Three Reasons Oil Prices Will Fall

NEW YORK (TheStreet) -- The oil market has heated up the during the past several months as the price of oil remained above the $100 mark. It should cool down. Here are three reasons the price of oil should drop to the mid $90s.

1. OPEC oil production could start to rise

According to the recent Organization of Petroleum Exporting Countries' monthly report, OPEC oil production during March dropped by 626 thousands of barrels a day mainly because of lower production in Libya, Angola, Iraq and Saudi Arabia. Moreover, Libya has yet to reach its full oil production capacity, which stood on 1.6 million bbl/day back in 2010. The country's oil production is now only 243,000 of bbl/day. But analysts expect Libya's oil exports will pick up in the coming weeks.

In total, OPEC's daily production was 29.6 million, which was slightly lower than its 30 million bbl/day quota. Conversely, the oil production of non-OPEC countries more than offset the lower production volume in the past month, according to the latest monthly update by the International Energy Agency.

Based on the above, the expected rise in Libya's oil production and steady growth in non-OPEC oil production is likely to pressure the price of oil.

2. Natural gas market slowly cools down

Due to the harsh winter conditions, the demand for natural gas strengthened. As a result, the price of natural gas reached high levels during the winter, up 35% during the first quarter from a year earlier. Because one of the purposes of oil is for heating, the rise in demand for natural gas also increases the demand for its alternative energy source -- crude oil.

The chart below shows the ratio between the price of oil and the price of natural gas during 2013-2014.

Source: Energy Information Administration

As you can see, the ratio between oil and natural gas tumbled down during February to around 16-17; this low level demonstrates how high the price of natural gas reached. During the summer this ratio tends to rise as the price of natural gas falls. In such a case, the natural gas market is likely to loosen, which will also reduce the pressure on the oil market.

The elevated prices of natural gas and oil benefited oil and gas producers such as Exxon Mobil (XOM) and Chesapeake Energy (CHK) during the first quarter. The companies are likely to improve their profit margin, because the price of oil was 4.4% higher year over year and the price of natural gas was more than 35% higher than the price in the first quarter of 2013.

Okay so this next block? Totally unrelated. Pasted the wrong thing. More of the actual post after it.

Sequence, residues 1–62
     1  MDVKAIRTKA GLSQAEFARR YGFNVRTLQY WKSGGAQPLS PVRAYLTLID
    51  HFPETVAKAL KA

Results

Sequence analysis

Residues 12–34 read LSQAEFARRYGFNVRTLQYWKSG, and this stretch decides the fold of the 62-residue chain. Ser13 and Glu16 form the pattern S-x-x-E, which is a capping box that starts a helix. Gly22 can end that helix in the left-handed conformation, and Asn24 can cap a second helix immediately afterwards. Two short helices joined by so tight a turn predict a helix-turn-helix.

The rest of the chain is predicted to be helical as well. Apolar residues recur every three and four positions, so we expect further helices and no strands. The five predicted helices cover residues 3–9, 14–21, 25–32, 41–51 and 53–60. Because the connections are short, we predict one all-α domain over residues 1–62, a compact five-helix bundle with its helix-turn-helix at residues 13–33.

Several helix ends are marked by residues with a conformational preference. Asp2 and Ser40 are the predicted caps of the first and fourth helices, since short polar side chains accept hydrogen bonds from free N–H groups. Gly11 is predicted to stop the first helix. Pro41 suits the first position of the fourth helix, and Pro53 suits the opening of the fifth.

The harsh winter conditions reduced the oil production during January 2014, according to the U.S Energy Information Administration estimates. But since early February, oil production has picked up, and as the weather gets clearer, the oil production is likely to further rise.

3. High imports and production

According to the latest EIA weekly update, since March oil supply has improved by 2.6% mainly due to the 4% gain in oil imports and 1.4% increase in oil production. As a result, the total supply (comprising of imports and production) has reached 15.736 million barrels per day. Thus, the gap between the supply and demand for oil (refinery inputs) has widened in recent weeks, as indicated in the chart below.

Source: Energy Information Administration

These recent developments suggest the U.S oil market has loosened in the past several weeks. If this trend persists, it could further drag down the price of oil to reach the mid $90's.

Conclusion

The oil market is likely to further loosen in the coming weeks on account of stronger local production, reduced pressure from the natural gas market and potential rise in global production mainly from OPEC, which could pressure down global oil prices. Therefore, oil prices are also likely to slowly come down to the mid-$90s.

For further reading seeHow Will the Brent-WTI Spread Impact Oil Refiners?

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At the time of publication, the author had no position in any of the stocks mentioned.

This article represents the opinion of a contributor and not necessarily that of TheStreet or its editorial staff.

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